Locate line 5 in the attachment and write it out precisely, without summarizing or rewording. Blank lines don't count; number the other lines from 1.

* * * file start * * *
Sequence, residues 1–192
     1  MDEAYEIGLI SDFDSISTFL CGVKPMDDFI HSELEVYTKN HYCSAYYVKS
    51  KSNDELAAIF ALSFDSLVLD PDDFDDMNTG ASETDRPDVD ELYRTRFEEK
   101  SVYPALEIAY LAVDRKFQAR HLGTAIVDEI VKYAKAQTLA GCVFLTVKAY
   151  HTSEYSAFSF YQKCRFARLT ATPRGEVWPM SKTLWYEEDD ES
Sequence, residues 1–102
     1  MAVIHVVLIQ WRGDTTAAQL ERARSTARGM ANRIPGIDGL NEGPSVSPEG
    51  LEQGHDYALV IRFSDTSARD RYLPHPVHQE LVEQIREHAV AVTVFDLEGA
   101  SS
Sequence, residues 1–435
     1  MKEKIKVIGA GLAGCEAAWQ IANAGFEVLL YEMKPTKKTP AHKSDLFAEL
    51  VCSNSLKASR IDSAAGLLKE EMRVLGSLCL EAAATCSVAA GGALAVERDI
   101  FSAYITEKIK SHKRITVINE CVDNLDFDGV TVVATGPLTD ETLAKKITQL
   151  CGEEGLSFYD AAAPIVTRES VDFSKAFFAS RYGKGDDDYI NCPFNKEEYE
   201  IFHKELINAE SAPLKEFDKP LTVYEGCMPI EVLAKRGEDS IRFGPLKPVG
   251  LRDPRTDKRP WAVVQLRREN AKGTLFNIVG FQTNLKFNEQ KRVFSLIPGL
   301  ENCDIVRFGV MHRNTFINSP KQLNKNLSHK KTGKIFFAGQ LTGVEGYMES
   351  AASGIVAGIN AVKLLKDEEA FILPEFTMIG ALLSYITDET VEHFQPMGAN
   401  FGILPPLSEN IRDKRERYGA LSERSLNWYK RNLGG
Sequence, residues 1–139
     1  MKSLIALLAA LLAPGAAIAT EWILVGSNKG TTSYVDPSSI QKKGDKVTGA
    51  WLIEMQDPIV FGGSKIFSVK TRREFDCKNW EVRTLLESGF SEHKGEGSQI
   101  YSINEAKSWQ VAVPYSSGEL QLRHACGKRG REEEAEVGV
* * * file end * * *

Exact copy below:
   151  HTSEYSAFSF YQKCRFARLT ATPRGEVWPM SKTLWYEEDD ES